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on to the transferee. LIC v. Escorts Ltd; Vasudev Shelat v. Pranlal. Therefore, as soon the 6th respondent had delivered the share certificates together with transfer instruments, the title to the shares became vested in the 2nd respondent and since transfer of shares from one member to another member is governed by Article 11 according to which no approval of the board is necessary in case of transfer of shares from one member to another member, the 2nd respondent automatically became a member .....

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Maharani Hotel 2005 DLT 333. 19. Therefore, there was no legal infirmity in the transfer of shares. Further, the transfer of shares to the 2nd respondent and allotment of shares to the 7th respondent were approved in the Board meeting held on 104.2005. The minutes of this Board meeting were confirmed in the Board meeting held on 4.7.2005 and the 2nd petitioner who was present in that meeting never objected to the said confirmation. Even subsequently, when he inspected the minutes of this meeting .....

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all the directors present, the same cannot be questioned subsequently as it has been held any irregularity in holding meeting could be subsequently cured by proper process. (1974 (2) All.ER 653-Bently Stevens}. 20. He further submitted: As far as allotment of equity shares is concerned, in terms of Section 81 of the Act, the preference shareholders have no right to seek proportionate shares. Not only in terms of Article 14, the directors have full powers to allot shares to any one of their choic .....

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3 directors who were/are related to each other has to be taken into consideration while applying the provisions of Sections 297/299/300 of the Act failing which the Board will become non functional and even the transfer of one share to the petitioner would have to be declared as invalid. In Sangram Singh P. Gaekwad v. Shanta Devi the Supreme Court has held that when the petitioners have consented to and even benefited in the company being run in a way which would normally be regarded as unfairly .....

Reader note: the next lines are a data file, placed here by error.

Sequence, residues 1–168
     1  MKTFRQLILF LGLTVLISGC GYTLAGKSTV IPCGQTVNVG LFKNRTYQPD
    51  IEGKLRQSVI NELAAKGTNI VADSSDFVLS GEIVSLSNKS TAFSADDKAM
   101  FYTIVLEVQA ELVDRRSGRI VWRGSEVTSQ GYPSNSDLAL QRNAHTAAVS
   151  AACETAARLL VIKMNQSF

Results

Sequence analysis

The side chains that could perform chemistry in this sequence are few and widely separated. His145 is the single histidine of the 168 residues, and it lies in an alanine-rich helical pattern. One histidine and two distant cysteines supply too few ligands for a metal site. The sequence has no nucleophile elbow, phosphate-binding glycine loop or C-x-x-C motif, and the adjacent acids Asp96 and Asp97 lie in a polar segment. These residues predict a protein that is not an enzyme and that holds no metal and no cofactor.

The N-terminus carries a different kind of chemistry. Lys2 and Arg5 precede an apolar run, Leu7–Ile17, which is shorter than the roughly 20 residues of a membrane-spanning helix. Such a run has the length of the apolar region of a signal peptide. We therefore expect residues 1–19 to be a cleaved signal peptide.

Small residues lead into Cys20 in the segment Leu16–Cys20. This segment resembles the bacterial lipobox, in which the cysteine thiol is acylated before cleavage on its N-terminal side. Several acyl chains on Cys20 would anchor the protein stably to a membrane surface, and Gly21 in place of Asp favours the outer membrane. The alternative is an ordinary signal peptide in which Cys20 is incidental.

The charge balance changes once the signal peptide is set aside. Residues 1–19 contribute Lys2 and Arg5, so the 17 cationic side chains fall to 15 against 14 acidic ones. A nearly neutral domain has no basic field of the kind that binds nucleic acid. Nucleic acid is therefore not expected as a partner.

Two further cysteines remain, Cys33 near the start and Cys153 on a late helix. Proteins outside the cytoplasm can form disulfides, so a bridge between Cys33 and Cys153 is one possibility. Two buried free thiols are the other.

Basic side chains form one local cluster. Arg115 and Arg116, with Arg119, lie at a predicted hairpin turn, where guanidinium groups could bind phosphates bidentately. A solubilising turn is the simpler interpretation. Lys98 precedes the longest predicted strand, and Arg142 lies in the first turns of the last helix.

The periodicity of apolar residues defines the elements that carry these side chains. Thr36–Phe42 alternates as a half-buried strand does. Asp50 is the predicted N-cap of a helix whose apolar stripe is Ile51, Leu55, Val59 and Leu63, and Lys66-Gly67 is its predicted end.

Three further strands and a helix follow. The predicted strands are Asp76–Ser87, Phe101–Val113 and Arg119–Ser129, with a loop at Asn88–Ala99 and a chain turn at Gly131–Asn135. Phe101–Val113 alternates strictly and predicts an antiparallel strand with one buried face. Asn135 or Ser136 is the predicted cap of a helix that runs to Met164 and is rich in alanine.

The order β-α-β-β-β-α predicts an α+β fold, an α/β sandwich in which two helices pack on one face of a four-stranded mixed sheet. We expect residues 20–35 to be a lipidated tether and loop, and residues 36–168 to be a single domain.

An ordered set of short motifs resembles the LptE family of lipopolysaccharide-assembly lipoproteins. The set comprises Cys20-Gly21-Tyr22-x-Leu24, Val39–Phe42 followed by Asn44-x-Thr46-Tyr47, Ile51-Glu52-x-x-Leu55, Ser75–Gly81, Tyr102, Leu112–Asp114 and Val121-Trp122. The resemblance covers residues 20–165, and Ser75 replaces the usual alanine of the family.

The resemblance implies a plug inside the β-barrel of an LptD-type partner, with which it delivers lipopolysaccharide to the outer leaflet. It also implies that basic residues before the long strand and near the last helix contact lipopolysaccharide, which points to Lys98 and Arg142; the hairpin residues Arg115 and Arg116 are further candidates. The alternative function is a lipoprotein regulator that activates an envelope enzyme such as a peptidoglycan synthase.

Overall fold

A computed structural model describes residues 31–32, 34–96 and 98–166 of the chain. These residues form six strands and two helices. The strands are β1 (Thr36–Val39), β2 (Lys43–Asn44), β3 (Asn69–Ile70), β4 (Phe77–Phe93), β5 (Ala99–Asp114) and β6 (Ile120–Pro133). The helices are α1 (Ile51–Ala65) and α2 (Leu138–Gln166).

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Section 301 of the Act which stipulates maintenance of register of contracts does not stipulate that transfers and allotments should be incorporated in the said register. It has been held that Sections 299/300 are not applicable in cases of transfer of shares or allotment of shares -T & K Govindraju v. Kadri Mills CP No. 8 & 32 of 1995 CLB: Mukkatukara Catholic Co. Ltd. v. H.B. Thomas 96 CC 864. 21. Summing up his arguments, Shri Sarkar submitted that the petition is a collusive petition .....

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leged should be with reference to that particular class. In the present petition, both have joined together with the sole object of taking over the control of the company which should not be permitted and the petition should be dismissed. 22. Shri Ganesh, Senior Advocate appearing for the 6th respondent submitted: The petitioners do not hold any share in the 6th respondent and therefore they have no locus standi to question the transfer effected by it to the 2nd respondent and seek any relief ag .....

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mpany of the Hotel. As a matter of fact as soon the agreement was worked out, the terms of the agreement came to an end. At the time when the shares were transferred, the Hotel being a subsidiary of the 6th respondent, its shares were freely transferable in terms of Section 111A and therefore the 6th respondent was not obligated to follow the provisions of Article 8. In terms of Section 82, the shares are movable property and freely transferable and as such the 6th respondent has the statutory r .....